Monday 7 March 2005

Andrew Duffin has sent me this e-mail:
I thought at the time of the recent referendum, that the authoritarian tendency in Edinburgh would take the view that the only thing wrong with their plan was that they made the mistake of consulting the people. I wondered how, and when, they would set about just "doing it anyway".

I didn't have long to wait.

Obliquely-written and subtle though it may be, this letter, it seems to me, is the beginning of that process.

"The current voluntary option has failed"

I am sure that's right: like with the EU, it'll be one step backwards (the referendum) followed by two steps forward (the non-voluntary option) for the transport statists. Take a look at an earlier letter:
Edinburgh has no congestion problem. It has a short-lived rush problem, which, with a shrinking populace, can only improve.

The rush-hour problem has been exacerbated by the schemes of Professor David Begg and his disciples to reverse years of good planning by narrowing perfectly good highways, choking streets with ill-placed pedestrian crossings, contaminating the environment with unnecessary signs and devices, and providing an ever-upward expansion of the empty bus fleet.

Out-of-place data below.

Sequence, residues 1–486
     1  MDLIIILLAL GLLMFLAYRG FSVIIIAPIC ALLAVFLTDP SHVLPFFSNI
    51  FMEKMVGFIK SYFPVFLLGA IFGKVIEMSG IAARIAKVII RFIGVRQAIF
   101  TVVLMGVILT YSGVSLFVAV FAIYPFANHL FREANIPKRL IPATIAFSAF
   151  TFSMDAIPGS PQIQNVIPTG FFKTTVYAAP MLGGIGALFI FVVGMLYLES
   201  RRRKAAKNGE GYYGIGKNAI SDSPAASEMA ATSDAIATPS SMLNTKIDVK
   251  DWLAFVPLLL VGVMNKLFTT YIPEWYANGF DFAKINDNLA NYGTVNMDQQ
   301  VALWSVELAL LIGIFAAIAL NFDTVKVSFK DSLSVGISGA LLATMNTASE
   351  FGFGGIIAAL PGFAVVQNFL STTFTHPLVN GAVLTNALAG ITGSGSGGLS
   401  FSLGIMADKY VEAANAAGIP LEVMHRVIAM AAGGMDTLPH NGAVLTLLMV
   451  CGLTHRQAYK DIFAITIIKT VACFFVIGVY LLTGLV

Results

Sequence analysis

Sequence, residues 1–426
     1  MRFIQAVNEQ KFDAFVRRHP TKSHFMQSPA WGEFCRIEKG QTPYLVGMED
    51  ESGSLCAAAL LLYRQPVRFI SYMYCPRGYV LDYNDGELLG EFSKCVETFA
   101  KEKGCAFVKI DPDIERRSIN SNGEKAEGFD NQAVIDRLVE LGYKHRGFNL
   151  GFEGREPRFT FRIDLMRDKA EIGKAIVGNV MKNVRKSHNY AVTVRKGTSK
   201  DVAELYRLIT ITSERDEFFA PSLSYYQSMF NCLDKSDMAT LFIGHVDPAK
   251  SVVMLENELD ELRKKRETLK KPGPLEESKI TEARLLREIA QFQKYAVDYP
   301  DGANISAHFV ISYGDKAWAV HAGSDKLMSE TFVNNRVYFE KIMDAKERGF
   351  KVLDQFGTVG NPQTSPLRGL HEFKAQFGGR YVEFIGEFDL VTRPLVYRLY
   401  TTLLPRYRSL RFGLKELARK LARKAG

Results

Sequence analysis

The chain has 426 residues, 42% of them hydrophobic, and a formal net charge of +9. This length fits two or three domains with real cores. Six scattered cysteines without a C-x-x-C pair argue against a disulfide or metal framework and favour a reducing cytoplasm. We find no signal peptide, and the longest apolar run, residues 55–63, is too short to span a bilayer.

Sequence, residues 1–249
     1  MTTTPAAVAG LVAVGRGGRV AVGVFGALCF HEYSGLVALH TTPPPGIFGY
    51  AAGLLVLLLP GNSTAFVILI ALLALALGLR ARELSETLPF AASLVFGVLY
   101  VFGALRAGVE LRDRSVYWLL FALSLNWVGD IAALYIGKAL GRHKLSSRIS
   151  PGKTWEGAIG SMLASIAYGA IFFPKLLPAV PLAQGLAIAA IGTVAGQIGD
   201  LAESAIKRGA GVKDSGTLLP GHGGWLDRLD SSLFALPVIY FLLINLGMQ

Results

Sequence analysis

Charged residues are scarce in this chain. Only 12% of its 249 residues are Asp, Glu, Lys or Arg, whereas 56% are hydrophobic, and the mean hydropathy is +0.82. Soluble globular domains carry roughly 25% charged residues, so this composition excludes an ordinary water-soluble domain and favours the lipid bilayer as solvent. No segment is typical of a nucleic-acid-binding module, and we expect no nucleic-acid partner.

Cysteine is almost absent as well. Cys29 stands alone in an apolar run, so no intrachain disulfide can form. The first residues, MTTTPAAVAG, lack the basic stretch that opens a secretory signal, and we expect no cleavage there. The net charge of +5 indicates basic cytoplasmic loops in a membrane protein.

Outside rush-hour, Edinburgh is as quiet as any other small city.

Mr Scott is absolutely correct.

Take the Haymarket junction near where I live. Until recently one could turn left from Dalry Road onto Haymarket Terrace that leads to Glasgow Road, the western suburbs and the airport. That's not allowed any more. Instead of passing one set of traffic lights, westbound vehicles now have to go through four sets of lights in the one-way system, thus adding to the congestion at one of the city's busiest bottlenecks. Next, the bus stop in Dalry Road has been moved from about 150 yards from the Haymarket junction to more like 50 yards. Around 60 buses an hour call at this stop and often three or four are there at once. This change has added to the congestion at Haymarket. Then I ask why the westbound road has been narrowed just before Haymarket station, thus causing even more congestion. As a bus driver put it to me: "Just another bloody waste of money." I'm now looking forward to seeing what happens when the new westbound bus stop farther from the station but nearer the road intersection comes into commission: it probably means that buses will back up across the junction if - as is often the case - several come along together. But all of this will annoy the evil car drivers, so I suppose it's in a good cause!